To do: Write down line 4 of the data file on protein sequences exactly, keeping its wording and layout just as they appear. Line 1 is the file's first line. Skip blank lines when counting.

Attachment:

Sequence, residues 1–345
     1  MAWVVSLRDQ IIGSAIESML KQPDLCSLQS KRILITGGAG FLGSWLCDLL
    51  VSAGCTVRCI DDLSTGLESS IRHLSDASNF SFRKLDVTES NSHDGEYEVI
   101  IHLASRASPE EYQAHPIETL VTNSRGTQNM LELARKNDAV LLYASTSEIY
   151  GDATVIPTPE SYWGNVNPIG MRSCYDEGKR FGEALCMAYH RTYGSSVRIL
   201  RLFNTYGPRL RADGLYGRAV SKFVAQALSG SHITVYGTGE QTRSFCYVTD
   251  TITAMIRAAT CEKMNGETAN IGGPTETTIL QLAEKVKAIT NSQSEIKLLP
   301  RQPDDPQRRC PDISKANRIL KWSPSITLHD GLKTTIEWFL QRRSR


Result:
   101  IHLASRASPE EYQAHPIETL VTNSRGTQNM LELARKNDAV LLYASTSEIY